Chinese Super League

Stadium ban sees Chinese Super League start with empty stands

Nikica Jelavic secured a 1-1 draw for Guizhou Zhicheng against Liaoning Whowin but the Chinese Super League opener drew a sparse crowd.

Stadium ban sees Chinese Super League start with empty stands

Money, money, money...but no fans

Following a dizzying close-season of multi-million dollar spending, the 2016 Chinese Super League season got off to a low-key start – and hardly anyone was there to see it. Newly promoted Guizhou Zhicheng were held to a 1-1 draw by 10-man Liaoning Whowin amid the cavernous surroundings of the Guiyang Olympic Sports Center.

The 52,000-capacity stadium was closed to spectators due to a celebratory pitch invasion after the final game of last season, with the on-field shouts of both sets of players clearly audible throughout a forgettable spectacle.

Penalties decide the curtain-raiser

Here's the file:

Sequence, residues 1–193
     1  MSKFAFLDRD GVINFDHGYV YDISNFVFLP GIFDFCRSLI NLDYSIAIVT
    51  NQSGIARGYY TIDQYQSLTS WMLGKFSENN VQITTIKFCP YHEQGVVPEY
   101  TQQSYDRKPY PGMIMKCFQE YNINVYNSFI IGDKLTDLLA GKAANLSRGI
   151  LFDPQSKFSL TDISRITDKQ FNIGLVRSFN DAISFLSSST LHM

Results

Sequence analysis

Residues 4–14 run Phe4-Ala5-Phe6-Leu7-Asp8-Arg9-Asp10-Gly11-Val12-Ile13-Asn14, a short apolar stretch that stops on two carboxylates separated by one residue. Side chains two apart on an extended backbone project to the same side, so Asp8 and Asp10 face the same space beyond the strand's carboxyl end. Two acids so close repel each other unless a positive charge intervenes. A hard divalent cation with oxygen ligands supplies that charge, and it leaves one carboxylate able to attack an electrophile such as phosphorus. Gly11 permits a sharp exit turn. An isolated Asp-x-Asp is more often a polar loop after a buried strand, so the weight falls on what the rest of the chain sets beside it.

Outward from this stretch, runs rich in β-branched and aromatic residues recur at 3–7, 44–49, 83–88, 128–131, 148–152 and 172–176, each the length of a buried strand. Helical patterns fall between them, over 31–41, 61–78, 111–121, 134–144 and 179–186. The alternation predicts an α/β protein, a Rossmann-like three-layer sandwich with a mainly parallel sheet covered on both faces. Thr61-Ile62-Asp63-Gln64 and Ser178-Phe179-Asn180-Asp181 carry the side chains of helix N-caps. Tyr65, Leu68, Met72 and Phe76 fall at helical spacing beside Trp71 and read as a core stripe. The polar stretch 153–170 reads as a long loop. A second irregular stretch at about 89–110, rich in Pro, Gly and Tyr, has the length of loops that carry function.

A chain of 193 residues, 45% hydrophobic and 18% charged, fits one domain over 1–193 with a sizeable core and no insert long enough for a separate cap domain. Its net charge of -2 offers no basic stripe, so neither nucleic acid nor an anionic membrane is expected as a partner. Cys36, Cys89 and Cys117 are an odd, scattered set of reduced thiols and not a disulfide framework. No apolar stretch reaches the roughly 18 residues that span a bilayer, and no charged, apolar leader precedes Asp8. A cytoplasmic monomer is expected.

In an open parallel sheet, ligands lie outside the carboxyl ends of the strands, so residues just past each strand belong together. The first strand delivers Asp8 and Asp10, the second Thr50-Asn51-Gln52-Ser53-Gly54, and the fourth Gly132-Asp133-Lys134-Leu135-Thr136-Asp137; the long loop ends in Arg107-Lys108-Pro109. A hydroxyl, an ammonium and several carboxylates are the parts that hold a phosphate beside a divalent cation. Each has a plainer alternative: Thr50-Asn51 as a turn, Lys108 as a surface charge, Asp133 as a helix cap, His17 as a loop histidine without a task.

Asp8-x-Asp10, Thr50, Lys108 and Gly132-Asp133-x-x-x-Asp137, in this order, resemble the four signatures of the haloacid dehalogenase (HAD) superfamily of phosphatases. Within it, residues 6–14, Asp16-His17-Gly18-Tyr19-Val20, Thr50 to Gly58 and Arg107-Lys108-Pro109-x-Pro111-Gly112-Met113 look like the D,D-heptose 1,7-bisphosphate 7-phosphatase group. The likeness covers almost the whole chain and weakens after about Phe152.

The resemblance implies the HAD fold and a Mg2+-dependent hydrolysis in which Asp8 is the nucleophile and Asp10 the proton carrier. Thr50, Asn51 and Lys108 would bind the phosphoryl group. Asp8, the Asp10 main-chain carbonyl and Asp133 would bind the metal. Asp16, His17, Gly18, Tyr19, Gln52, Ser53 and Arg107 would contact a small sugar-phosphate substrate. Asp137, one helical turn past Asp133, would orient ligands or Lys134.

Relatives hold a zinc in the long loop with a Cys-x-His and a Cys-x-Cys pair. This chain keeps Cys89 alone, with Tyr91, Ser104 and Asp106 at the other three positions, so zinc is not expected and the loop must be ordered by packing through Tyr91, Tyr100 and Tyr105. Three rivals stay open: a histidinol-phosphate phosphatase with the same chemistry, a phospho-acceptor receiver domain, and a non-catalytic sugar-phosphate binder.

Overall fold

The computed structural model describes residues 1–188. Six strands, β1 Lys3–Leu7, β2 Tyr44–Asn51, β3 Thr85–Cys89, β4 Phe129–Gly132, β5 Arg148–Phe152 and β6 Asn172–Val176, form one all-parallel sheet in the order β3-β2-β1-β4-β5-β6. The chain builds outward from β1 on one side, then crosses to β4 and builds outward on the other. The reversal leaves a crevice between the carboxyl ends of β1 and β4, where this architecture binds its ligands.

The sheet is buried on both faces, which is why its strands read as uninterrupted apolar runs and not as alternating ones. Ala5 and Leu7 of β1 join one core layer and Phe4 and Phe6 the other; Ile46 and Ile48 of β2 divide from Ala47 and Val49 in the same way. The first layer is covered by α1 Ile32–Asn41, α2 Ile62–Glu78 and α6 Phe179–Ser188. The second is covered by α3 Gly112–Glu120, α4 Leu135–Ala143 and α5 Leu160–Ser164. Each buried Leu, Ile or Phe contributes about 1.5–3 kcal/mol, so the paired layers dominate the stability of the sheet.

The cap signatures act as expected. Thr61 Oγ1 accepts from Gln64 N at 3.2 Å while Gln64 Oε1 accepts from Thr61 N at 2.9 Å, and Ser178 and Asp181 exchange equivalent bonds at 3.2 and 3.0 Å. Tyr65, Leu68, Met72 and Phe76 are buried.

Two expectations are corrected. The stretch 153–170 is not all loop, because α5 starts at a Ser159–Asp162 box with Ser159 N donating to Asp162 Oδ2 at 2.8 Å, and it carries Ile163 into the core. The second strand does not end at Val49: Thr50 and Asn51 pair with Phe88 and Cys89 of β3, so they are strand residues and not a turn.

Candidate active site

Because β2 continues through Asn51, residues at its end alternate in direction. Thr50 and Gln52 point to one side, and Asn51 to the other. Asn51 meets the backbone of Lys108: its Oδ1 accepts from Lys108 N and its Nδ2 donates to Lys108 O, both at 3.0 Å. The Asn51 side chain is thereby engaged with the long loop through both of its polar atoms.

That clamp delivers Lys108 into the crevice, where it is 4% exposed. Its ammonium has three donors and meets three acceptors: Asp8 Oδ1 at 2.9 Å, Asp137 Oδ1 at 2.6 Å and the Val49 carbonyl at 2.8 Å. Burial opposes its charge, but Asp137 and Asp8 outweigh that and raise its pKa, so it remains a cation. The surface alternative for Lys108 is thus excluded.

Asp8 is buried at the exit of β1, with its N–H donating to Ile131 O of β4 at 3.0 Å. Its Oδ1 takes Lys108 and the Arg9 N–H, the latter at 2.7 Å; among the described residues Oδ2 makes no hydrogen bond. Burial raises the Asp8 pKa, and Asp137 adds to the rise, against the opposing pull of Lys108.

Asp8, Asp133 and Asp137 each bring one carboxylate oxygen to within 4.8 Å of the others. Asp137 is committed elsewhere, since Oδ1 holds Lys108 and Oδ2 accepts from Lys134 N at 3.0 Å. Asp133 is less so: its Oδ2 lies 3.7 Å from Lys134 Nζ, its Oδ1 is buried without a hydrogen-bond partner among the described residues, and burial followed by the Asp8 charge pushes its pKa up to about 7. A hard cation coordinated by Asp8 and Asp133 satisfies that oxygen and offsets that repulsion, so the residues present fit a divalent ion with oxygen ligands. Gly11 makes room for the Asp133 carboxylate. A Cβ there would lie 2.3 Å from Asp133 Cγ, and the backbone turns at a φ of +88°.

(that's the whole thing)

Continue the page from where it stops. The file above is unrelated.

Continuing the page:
Visitors Liaoning hit the front after 14 minutes, with captain James Chamanga converting from the spot after Guizhou's on-loan Guangzhou Evergrande defender Han Pengfei was harshly punished for a coming together with Australia international Robbie Kruse.



Experienced striker Nikica Jelavic provided Guizhou's main threat during the opening stages of the second half, glancing on to the roof of the net and shooting narrowly wide before he joined Chamanga in making no mistake from 12 yards – the former Rangers and Everton man having drawn a foul from Assani Lukimya.

Jelavic was at the heart of the action once more when Liaoning goalkeeper Shi Xiaotian inexplicably burst form his area to bring down the 31-year-old and earn a red card, although the hosts could not make their numerical advantage count.